In Michigan's Upper Peninsula, Brimley is the kind of small town where the students of the month in the elementary school get full-page write-ups in the local newspaper.
There's an Indian reservation just up the road, a couple bars, a gas station, a motel and that's about it.
Brimley Elementary serves two groups that often struggle academically. Of the 300 students, more than half are Native American. Many come from low-income families.
You might be thinking at this point that this story is like so many of the education stories out there, about what's just not working in schools. But Brimley Elementary is different.
At this school, American Indian students are outperforming other Natives in the state. The school as a whole performs above the statewide average for all schools, and on some tests, the low-income students are performing at the same level as kids from wealthier families.
So, how does Brimley do it? There are several theories out there. Here are a couple from some of the student themselves:
"Well, everyone's accepted here for who they are, no matter if they're Irish, Native, African American or just French," says 9-year-old Chloe, who just finished fourth grade. She lives on the nearby reservation and her full Native American name is Chloe Biidaasige-Kwe Teeple.
She's a member of the Bay Mills Indian Community and so is her good friend, Grace, who has her own hypothesis: "I think our teachers are teaching us really, really well."
Then there's another big theory: money.
Pete Routhier, Brimley's principal, says the school can't collect property taxes from the reservation, so the federal government subsidizes the school. It's called Impact Aid, and in the year that just wrapped up, Brimley Elementary got $1 million. That translated into about $2,000 in extra funding per student.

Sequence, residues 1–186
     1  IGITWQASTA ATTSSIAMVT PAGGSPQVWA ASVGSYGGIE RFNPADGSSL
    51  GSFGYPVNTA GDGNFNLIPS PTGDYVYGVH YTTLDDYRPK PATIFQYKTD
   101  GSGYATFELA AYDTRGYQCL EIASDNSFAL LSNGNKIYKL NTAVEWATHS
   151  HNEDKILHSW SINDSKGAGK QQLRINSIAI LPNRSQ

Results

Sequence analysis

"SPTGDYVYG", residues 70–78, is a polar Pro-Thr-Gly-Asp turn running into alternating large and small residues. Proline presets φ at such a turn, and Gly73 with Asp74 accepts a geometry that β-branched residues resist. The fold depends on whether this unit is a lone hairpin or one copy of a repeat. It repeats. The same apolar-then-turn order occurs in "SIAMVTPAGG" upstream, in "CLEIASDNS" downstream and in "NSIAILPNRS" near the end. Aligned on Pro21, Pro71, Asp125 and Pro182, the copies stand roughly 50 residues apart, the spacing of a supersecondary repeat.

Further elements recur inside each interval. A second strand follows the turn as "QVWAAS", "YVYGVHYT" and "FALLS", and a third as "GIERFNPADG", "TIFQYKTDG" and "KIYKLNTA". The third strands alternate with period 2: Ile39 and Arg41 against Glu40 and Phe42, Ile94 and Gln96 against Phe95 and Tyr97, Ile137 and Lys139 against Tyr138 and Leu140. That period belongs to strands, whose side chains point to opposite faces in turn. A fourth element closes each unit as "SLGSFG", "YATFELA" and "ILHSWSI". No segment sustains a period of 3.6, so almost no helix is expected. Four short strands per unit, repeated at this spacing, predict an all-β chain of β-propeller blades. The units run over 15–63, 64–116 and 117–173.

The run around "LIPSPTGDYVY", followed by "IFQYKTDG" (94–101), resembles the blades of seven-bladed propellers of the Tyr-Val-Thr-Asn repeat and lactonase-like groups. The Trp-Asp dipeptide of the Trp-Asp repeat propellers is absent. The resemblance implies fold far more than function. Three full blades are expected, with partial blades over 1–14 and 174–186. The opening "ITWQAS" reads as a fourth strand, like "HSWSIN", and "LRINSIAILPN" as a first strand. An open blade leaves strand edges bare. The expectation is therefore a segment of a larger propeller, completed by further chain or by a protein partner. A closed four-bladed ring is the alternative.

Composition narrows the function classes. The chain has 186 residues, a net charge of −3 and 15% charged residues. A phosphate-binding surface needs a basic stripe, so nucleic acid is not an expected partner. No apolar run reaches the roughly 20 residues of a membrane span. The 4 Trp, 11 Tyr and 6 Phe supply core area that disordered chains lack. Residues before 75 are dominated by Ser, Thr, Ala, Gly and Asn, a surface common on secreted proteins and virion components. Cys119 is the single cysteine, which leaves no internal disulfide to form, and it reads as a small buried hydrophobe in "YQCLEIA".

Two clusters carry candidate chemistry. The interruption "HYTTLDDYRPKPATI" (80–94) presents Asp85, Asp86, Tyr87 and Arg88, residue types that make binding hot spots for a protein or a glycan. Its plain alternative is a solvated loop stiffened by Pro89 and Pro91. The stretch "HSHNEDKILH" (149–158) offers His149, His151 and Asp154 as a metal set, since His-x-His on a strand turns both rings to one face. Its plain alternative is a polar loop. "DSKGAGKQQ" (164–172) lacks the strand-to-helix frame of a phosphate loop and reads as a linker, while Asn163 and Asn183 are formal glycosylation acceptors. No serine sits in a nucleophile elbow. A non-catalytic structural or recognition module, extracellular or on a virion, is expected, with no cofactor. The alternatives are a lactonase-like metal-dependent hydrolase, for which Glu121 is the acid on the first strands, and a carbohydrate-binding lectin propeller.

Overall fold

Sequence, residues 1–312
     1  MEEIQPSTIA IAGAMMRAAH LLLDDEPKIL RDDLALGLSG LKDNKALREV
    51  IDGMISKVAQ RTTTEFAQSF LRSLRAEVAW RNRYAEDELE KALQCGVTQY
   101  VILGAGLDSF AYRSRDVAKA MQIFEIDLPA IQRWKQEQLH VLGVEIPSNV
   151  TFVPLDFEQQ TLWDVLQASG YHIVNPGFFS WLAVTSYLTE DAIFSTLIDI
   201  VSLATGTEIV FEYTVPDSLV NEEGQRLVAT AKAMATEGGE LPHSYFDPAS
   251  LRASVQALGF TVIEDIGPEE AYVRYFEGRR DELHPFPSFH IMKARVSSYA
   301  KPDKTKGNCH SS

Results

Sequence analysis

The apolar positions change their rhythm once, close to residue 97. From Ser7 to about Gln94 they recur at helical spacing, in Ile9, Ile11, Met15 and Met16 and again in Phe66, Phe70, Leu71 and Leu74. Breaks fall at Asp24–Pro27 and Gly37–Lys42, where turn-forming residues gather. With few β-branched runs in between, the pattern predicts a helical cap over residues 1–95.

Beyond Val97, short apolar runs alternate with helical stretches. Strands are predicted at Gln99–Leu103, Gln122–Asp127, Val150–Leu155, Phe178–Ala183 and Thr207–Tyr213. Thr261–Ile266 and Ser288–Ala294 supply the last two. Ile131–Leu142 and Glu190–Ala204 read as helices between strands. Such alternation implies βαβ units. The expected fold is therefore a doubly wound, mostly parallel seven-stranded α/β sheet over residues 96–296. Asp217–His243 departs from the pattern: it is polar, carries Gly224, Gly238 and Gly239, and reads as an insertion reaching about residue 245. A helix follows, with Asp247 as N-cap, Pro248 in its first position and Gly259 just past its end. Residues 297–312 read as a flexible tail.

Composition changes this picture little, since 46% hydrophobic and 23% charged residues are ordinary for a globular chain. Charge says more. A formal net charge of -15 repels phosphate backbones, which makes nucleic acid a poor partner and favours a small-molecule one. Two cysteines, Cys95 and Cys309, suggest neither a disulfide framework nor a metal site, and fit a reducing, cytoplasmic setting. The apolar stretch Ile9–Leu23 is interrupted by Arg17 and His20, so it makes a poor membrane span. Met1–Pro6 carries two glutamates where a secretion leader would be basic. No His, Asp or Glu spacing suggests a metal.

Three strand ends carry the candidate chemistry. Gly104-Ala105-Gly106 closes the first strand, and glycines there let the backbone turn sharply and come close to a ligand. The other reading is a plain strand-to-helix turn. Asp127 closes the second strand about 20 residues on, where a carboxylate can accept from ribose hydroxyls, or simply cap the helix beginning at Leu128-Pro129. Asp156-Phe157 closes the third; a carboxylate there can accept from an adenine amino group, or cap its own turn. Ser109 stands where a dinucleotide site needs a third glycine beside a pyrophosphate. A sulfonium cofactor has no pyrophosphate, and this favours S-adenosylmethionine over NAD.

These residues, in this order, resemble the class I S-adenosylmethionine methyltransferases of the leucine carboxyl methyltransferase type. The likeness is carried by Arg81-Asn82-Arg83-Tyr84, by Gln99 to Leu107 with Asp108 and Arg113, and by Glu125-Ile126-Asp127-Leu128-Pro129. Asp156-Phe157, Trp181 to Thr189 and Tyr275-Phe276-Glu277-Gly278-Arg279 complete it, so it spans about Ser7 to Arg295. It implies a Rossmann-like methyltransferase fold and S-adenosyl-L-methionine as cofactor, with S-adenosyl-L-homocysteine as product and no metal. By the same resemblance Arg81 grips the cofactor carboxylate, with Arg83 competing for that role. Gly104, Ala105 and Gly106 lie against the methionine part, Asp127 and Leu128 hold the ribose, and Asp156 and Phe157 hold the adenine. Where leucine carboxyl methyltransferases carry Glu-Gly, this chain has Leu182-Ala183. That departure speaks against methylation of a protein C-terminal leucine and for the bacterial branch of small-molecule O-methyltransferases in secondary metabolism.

"So that does help, big time. That really gives us an extra pot of money," says Routhier. He adds that the school uses that pot for things like hiring more staff and early interventions for struggling students. There's a resource teacher for special education and a speech and language pathologist.
First-graders who are having a tough time with reading and writing get one-on-one time with a specialist. There's an intervention teacher for kids in fourth, fifth and sixth grades — they mostly focus on math. There are teachers' aids to help out in all the kindergarten, first- and second-grade classrooms. And class sizes are small, averaging 22 kids.
There's one more thing. The teachers are constantly assessing their students to make sure they're where they need to be.
First-grade teacher Lannie Castagne does a reading assessment with her kids every month. "Is it a lot of work? Yes, it's a lot of work. I'm here a lot of nights until six o'clock, but it's what's best for the students," she says.
And based on the assessments, the bottom one-third of students get a lot of extra help and support.
So that's what Brimley Elementary is doing differently — nothing outlandish or tech-heavy. It hasn't reinvented the wheel. The school has more money in its general fund, and uses it to hire more people: more specialists and more teachers to keep the class sizes small.
Of course, some students, like Grace and Chloe, have their own wish list for how they'd like to use that money. "I would want to change some of the lunches. Some of the lunches aren't that really yummy," says Grace.
Chloe says that's right: "Well there's not really much to change, the school is good just by itself, but yeah, I agree with Grace, not all the lunches are yummy."